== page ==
Our latest research finds that customer trust and understanding of Open Banking is increasing, but companies need to counter the impact of high profile data breaches happening elsewhere.
TLT research highlights a growing tension between data sharing – the basic tenet of Open Banking – and high profile data breaches, as customers grow increasingly aware of and sensitive to data security issues.
The report – Opportunity Knocks: the future of Open Banking – draws on research involving 130 senior decision makers across UK financial services including banks, building societies, fintechs and payment service companies.
Three quarters (77%) of respondents agree that trust and understanding of Open Banking was low when it first launched in January 2018 and only 30% say this has improved in the six months since launch.
However, progress is threatened by high profile data breaches, which half (49%) of respondents say have damaged customer trust in Open Banking, even though none of these breaches have (yet) happened in the Open Banking space.
Two thirds (66%) of respondents also say damage to customer trust and confidence where data is lost or misused is the biggest risk in relation to data sharing under Open Banking – trumping other concerns over potential data loss via third party providers (52%), increased fraud risk due to a larger 'attack surface' for hackers (50%) and increased risks and liabilities arising from regulatory obligations (32%).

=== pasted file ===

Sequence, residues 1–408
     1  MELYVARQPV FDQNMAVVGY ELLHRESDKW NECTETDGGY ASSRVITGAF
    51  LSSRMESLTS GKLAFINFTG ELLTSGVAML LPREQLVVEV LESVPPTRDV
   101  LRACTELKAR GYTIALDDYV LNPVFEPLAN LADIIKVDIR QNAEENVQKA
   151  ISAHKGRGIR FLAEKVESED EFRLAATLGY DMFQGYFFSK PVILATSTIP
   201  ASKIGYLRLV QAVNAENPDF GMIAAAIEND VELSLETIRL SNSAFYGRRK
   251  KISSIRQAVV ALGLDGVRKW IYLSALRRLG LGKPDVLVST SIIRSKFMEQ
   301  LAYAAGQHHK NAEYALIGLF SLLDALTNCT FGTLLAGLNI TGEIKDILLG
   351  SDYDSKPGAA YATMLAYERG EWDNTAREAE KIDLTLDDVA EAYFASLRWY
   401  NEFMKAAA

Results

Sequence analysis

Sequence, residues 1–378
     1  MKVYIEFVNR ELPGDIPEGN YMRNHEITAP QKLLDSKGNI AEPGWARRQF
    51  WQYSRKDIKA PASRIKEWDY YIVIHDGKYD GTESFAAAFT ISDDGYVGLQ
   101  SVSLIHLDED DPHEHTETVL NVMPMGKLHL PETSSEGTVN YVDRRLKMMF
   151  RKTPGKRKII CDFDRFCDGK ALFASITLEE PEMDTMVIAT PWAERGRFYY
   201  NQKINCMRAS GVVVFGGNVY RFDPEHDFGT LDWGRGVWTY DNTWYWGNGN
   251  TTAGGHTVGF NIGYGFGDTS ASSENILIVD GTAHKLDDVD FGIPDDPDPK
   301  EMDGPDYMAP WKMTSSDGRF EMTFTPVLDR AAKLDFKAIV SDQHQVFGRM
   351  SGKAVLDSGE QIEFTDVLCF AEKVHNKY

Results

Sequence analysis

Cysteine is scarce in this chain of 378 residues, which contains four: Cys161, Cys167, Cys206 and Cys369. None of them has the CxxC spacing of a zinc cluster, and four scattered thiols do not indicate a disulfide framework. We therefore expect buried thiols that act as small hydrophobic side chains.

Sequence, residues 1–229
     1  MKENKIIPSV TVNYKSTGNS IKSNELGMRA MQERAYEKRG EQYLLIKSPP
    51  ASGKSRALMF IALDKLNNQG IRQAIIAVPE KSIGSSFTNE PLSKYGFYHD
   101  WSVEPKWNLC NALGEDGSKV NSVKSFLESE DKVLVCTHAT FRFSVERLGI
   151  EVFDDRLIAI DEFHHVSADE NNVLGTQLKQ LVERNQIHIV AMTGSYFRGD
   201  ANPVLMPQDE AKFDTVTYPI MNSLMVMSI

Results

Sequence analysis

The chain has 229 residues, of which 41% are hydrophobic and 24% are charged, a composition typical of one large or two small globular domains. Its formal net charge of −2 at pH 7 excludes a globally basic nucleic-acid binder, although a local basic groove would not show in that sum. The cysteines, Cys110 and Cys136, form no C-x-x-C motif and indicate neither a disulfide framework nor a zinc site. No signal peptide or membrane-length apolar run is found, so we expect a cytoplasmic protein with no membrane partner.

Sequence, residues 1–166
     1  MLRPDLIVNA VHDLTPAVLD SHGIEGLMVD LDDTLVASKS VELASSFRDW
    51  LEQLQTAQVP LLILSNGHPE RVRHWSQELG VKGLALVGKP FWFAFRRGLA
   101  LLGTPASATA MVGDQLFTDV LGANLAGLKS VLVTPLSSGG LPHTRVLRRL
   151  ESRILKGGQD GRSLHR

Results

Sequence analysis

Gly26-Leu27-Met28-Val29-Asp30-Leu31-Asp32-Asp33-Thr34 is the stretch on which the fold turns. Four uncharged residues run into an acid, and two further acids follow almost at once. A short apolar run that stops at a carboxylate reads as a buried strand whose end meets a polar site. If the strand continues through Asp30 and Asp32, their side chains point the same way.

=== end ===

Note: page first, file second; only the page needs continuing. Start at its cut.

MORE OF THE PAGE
As a result of these concerns, most financial services companies are taking significant measures to protect themselves and customers against potential threats including risk sharing arrangements with counter-parties. 63% now have a "comprehensive strategy" in place for Open Banking, with dedicated teams and investment to tackle cybersecurity and fraud risks. Companies also plan to take action to improve customer communications about Open Banking (42%), increase data security (40%), update customer-facing websites and digital banking channels (42%) and undertake advertising campaigns to promote their Open Banking offerings (23%).
Brian Craig, data protection legal director at TLT, comments: “Cybercrime is a very real threat for businesses and consumers but our research shows that the industry is aware of the risk and investing heavily to mitigate this as the Open Banking opportunity evolves.
"The challenge for Open Banking players is to both respond to emerging threats and anticipate the future by investing in technological infrastructure and procedures to keep customer data secure. Successful companies will communicate effectively with customers about how new security protocols and services work and implement the measures to deliver them."
David Gardner, technology partner at TLT, adds: "Open Banking and PSD2 bring significant improvements to data security for banking customers, including encryption, tokenisation and Strong Customer Authentication requirements. These mean that customers using Open Banking channels have enhanced protection over and above that which is offered by existing services using less secure methods, such as screen-scraping.
"However, customer fears about data security are real and understandable in the context of heavily reported, high profile data breaches elsewhere. The financial services industry faces a challenge to overcome these fears. This will involve publicising the security features of Open Banking and, perhaps more importantly, releasing great new Open Banking services that address real customer needs, encouraging greater adoption by otherwise sceptical customers."